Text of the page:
Culinary Adventures for Morning Foodies: Exploring International Breakfast Delights

Smile AM

Breakfast tables provide the ideal starting point to explore a country's cuisine, be it an English fry-up or Chamorro pork sausage. Each dish reveals something about its culture.

South Sudanese breakfasters enjoy a breakfast meal of rich millet porridge known as lakh. Cooking the Globe reports that this delectable treat may come topped with either fried peanuts or chopped vegetables for extra crunch and nutrition.


Kazakh cuisine provides an intriguing glimpse into its rich traditions. From vibrant Green Bazaar stalls to hands-on cooking experiences such as traditional yurt and home dining experiences, the delicious flavors of Kazakhstan will entice your senses.

Kazakhstanians have learned to be resourceful through living a nomadic lifestyle for centuries, so you'll likely come across animal-based dishes on their menus. Qazy is a favorite dish featuring rib meat stuffed into horse intestines which have been washed and salted before being salted themselves and stuffed with rib meat. Also popular is Kuurdak which features livers kidneys lungs and hearts in its batter coating for an offal dish experience.

Kazakhstani cuisine includes fish dishes as part of its national cuisine, although they may not be as widely enjoyed as meat-based fare. Common fish dishes include koktal - hot, smoked fish that can be prepared in various ways; and yemek, which combines boiled fish with noodles.

Kazakhstani cuisine has long been heavily influenced by that of Central Asian nations surrounding them, especially when it comes to popular dishes like tandyr nan (a type of Central Asian version of naan bread made in a tandyr or tandoor). Depending on its region it could also be called tandir non, tonur nan, patyr nan or lepyoshka.

Experience Kazakhstan's culinary culture first-hand by dining with a Kazakh family. Be it their yurt or home, their hospitality will guarantee an inviting meal - you may even be asked to take off your shoes and be seated comfortably around a low-cushioned table upon arriving!


Kenya, known for its picturesque landscapes and expansive wildlife reserves, serves as an important commercial hub in East Africa. Its coastal ports allow imports worldwide and serve as entryways into landlocked neighbors' economies. Kenya boasts an active middle class as well as numerous international fast food chains adapting their menus to local tastes and ingredients.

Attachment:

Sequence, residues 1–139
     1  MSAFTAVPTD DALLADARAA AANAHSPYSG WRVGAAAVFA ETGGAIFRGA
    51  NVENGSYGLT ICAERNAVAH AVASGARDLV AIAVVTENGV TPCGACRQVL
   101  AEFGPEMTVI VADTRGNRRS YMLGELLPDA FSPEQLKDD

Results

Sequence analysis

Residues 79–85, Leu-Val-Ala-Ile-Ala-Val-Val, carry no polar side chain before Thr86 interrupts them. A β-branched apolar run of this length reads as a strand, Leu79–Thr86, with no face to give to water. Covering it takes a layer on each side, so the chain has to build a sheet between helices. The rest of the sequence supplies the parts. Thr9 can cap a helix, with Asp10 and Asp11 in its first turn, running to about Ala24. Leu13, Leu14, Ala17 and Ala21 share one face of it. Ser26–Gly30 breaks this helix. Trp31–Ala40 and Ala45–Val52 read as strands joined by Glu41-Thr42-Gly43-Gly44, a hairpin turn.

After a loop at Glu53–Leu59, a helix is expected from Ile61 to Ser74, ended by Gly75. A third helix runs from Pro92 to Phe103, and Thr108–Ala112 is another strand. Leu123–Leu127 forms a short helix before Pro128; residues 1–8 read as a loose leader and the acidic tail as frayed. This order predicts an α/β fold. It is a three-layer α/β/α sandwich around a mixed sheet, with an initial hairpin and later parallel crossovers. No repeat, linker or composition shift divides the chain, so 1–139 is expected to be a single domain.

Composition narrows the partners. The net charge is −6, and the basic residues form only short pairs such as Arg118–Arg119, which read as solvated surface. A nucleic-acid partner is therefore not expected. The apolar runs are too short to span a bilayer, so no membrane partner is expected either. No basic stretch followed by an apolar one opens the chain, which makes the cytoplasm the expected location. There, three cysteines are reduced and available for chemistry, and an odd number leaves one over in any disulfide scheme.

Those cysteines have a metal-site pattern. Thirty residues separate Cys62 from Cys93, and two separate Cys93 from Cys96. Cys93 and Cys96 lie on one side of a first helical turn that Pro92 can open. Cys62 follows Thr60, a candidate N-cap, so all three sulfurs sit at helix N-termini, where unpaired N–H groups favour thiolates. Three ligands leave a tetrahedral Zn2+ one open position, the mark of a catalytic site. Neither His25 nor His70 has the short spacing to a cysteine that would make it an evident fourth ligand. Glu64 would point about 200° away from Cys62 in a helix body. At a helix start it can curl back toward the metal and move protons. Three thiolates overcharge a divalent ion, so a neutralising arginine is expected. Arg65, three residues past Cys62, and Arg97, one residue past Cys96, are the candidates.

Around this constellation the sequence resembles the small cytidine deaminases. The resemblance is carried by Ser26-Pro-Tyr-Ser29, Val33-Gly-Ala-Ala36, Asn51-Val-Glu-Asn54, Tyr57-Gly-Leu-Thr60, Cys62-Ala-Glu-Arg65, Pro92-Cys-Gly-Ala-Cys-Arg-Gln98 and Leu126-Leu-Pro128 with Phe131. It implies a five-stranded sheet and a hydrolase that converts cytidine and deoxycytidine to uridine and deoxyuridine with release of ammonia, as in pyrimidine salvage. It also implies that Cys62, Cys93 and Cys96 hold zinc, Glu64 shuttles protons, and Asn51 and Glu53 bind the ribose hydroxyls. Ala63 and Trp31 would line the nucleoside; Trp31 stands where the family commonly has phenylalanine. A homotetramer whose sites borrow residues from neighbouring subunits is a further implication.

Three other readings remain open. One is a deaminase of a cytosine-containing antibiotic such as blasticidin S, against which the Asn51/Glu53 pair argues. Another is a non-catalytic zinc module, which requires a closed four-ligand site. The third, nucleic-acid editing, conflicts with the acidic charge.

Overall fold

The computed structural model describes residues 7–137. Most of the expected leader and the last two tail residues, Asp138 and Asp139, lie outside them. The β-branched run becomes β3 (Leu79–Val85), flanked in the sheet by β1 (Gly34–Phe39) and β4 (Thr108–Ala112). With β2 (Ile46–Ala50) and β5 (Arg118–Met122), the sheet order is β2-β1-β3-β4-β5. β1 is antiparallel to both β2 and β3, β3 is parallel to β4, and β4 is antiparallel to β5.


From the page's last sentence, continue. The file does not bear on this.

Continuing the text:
Nyama Choma (grilled beef), is a popular breakfast choice in Kenya and Tanzania; however, breakfast doesn't only consist of this delicacy. Ugali made from corn flour, millet, or sorghum flour is cooked until dough-like in consistency before being topped with various dishes; many families add braised meat, vegetables,, or mashed potatoes to complete this hearty breakfast meal.

Kikuyu tribe members add another tasty culinary masterpiece to Kenyan cuisine through Githeri, an appetizing blend of beans and corn that's cooked before being stir-fried with onions, tomatoes and spices for a satisfying and delicious breakfast dish. Pilau is another staple dish from this African nation; like other regions across the globe, Kenyans also love adding meat to their grain-based meals like this delicious treat!

Kenya, one of the continent's leading exporters of food, is famed for its delicious sweet treats such as Samosa. This triangular pastry filled with meat and vegetables or potatoes features a flaky exterior and is deep-fried at Kenyan restaurants; local flavors may include curry or garlic sauce for dipping. Many Kenyans also opt for serving it alongside kachumbari salad with cucumbers, tomatoes, and onion for maximum satisfaction!


Liechtenstein, one of Europe's smallest nations, boasts an extraordinary culture and cuisine. Sharing many cultural ties with Austria (Week 10) and Switzerland, Liechtenstein's cuisine features heavy dairy influences with cheese and cream products being key players.

Vaduz, Liechtenstein's capital city, should be included on any visit to Liechtenstein. Of special note is its National Museum of History and Art with exhibits related to archaeology, folk art and Liechtenstein's role in World War II.